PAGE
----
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  • La Grande Illusion 75th Anniversary (Studio Canal Collection)  [1937] [Blu-ray]
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La Grande Illusion 75th Anniversary (Studio Canal Collection) [1937] [Blu-ray]

38 customer reviews

Price: £8.99 & FREE Delivery in the UK on orders over £20. Details
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Product details

  • Actors: Pierre Fresnay, Erich von Stroheim, Jean Gabin, Marcel Dalio, Julien Carette
  • Directors: Jean Renoir
  • Language: French
  • Subtitles: English
  • Region: Region B/2 (Read more about DVD/Blu-ray formats.)
  • Number of discs: 1
  • Classification: U
  • Studio: Studiocanal
  • DVD Release Date: 23 April 2012
  • Run Time: 114 minutes
  • Average Customer Review: 4.3 out of 5 stars  See all reviews (38 customer reviews)
  • ASIN: B007BL63CK
  • Amazon Bestsellers Rank: 23,525 in DVD & Blu-ray (See Top 100 in DVD & Blu-ray)

Product Description

Product Description

Jean Renoir's classic prison escape movie, often seen as a humane and pacifist indictment of war, offers an ambiguous perspective on class differences. In a WWI German prisoner-of-war camp, three French soldiers, working-class Lieutenant Marechal (Jean Gabin), middle-class Jew Rosenthal (Marcel Dalio) and aristocratic senior officer Captain de Boieldieu (Pierre Fresnay), are held prisoner by Commandant Von Rauffenstein (Erich von Stroheim). The film shows how a bond of sympathy exists more between the German Commandant and the senior French officer than between the three Frenchman of different classes. Even though de Boieldieu sacrifices himself for the two others to escape, the film makes no attempt to conceal what they are returning to once their role as war heroes is over.


It's long been one of the revered classics of international cinema, but there is no fine layer of dust over La Grande Illusion. Jean Renoir's film is just as vibrant, exciting and wise as it has ever been. The story is set during World War I, mostly in a couple of German POW camps, where two very different French prisoners plot to escape: the working-class officer Maréchal (Jean Gabin, the French Spencer Tracy) and the upper-class de Boieldieu (Pierre Fresnay). The suspenseful backbone of the story is formed by these escape attempts, but Renoir is primarily concerned with the way people treat each other, and especially with how class and nationality inform human relations. Most compelling of all the film's characters is the aristocratic German officer von Rauffenstein, unforgettably incarnated by stiff-backed Erich von Stroheim; although he runs a prison camp, von Rauffenstein cannot help but strike up a friendship with de Boieldieu, a kindred spirit from the doomed nobility. There is nothing dewy or naive about Renoir's vision (and two years after the release of this antiwar film, Europe was plunged into another world war), yet La Grande Illusion is one of those movies that makes you feel good about such long-outmoded ideas as sacrifice and brotherhood. After it won a prize at the Venice Film Festival in 1937, the Nazis declared the film "Cinematographic Enemy Number One". There can be no higher praise. --Robert Horton, --This text refers to an out of print or unavailable edition of this title.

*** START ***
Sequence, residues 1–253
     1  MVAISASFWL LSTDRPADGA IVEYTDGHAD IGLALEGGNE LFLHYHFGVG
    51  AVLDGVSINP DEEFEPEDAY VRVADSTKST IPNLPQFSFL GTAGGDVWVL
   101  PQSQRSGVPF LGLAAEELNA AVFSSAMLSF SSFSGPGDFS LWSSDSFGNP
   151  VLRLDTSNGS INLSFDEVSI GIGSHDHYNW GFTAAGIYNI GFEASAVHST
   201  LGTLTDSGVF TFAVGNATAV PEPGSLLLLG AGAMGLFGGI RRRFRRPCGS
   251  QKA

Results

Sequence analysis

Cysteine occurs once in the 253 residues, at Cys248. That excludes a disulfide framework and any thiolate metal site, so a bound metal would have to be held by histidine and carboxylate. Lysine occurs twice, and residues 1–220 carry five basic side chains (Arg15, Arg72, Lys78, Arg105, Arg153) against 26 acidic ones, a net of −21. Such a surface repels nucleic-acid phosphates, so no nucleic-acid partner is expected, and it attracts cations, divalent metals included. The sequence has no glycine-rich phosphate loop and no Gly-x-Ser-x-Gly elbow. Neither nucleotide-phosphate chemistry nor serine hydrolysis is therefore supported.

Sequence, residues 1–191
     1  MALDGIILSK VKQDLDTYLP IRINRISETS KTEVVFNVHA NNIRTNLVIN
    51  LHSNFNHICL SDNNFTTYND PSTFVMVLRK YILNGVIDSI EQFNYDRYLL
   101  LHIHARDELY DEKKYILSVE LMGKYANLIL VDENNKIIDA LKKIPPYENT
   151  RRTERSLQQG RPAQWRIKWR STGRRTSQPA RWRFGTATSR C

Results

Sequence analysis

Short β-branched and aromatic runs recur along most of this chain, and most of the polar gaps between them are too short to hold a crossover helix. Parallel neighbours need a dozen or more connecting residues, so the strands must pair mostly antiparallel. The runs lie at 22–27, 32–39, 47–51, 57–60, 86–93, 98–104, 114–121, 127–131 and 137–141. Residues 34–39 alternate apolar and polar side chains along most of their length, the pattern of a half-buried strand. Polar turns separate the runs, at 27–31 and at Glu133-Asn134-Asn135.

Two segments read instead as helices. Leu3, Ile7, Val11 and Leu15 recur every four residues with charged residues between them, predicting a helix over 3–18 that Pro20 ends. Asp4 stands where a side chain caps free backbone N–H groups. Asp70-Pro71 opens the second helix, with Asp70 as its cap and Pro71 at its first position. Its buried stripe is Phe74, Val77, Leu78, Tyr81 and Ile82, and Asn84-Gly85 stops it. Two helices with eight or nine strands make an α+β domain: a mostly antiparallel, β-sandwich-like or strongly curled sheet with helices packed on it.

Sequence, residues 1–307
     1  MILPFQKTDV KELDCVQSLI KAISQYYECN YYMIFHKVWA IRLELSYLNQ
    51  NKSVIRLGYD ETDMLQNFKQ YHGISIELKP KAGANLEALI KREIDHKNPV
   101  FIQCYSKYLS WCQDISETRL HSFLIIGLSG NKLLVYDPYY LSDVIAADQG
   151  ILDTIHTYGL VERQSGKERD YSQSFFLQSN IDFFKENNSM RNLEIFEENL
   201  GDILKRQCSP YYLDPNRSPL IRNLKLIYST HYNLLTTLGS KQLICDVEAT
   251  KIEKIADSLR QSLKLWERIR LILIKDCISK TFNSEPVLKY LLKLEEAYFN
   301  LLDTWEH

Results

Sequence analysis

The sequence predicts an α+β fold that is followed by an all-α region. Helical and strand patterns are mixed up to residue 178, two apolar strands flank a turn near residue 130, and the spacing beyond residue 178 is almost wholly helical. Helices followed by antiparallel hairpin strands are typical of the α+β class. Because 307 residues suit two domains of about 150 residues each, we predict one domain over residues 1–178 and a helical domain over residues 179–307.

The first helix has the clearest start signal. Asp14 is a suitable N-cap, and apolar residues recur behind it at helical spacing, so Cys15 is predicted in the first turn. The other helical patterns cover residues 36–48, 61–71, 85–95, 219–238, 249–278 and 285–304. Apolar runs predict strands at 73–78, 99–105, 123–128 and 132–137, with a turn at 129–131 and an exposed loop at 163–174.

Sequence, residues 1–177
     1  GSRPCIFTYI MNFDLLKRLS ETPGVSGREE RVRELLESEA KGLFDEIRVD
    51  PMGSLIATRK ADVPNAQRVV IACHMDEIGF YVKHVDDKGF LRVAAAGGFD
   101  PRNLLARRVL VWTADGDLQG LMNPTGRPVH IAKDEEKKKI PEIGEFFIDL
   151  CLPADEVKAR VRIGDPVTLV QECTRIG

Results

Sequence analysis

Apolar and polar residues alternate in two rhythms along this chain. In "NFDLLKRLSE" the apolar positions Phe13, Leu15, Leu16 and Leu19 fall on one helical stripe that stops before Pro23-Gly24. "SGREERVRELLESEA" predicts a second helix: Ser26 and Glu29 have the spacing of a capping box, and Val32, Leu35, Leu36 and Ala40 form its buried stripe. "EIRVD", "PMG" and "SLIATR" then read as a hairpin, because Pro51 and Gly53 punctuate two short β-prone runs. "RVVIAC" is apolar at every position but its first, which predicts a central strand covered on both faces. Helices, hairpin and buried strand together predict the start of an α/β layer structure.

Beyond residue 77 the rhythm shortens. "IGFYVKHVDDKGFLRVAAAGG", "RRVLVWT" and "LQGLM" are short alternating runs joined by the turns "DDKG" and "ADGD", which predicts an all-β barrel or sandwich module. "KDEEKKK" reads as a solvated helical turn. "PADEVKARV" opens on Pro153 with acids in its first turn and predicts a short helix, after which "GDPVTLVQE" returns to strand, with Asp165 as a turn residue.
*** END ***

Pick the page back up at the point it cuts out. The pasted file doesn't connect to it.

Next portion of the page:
Customer Reviews

4.3 out of 5 stars

Most Helpful Customer Reviews

49 of 51 people found the following review helpful By MarkusG on 3 Dec. 2009
Format: DVD Verified Purchase
"La Grande Illusion" is often considered one of the best movies ever made, and people like Woody Allen see it every day or something like that. It was directed in 1937 by Jean Renoir, son of painter Auguste Renoir. The setting is the 1st world war, and the protagonists are prisoners of war: three frenchmen, an aristocrat, an officer and a jew are captured by the germans. But this is no usual war film. First of all, there is no simple propagandistic message or depictions of good vs evil. On the contrary, enemy soldiers are behaving like gentlemen towards each other (often producing comic effects, as when a german guard tries to console one of the prisoners by giving him a harmonica, or the officer who begs the escapee he shot for forgiveness). And questions like why the war started and how it will end is put aside. Instead, more existential questions come to the fore. Like the futility of it all. And social questions like class relations and nationalities. It is interesting how nationalities are mixed, in the film german, french and english is spoken making it a film about Europe. Europe before the EU and before Hitler. But even so it has a timeless quality. This is an anti war-film, but not by depicting people being slaughtered or cities in ruins. Instead it feels like a celebration of life and friendship which makes the war going on seem all the more insane and a grand illusion indeed.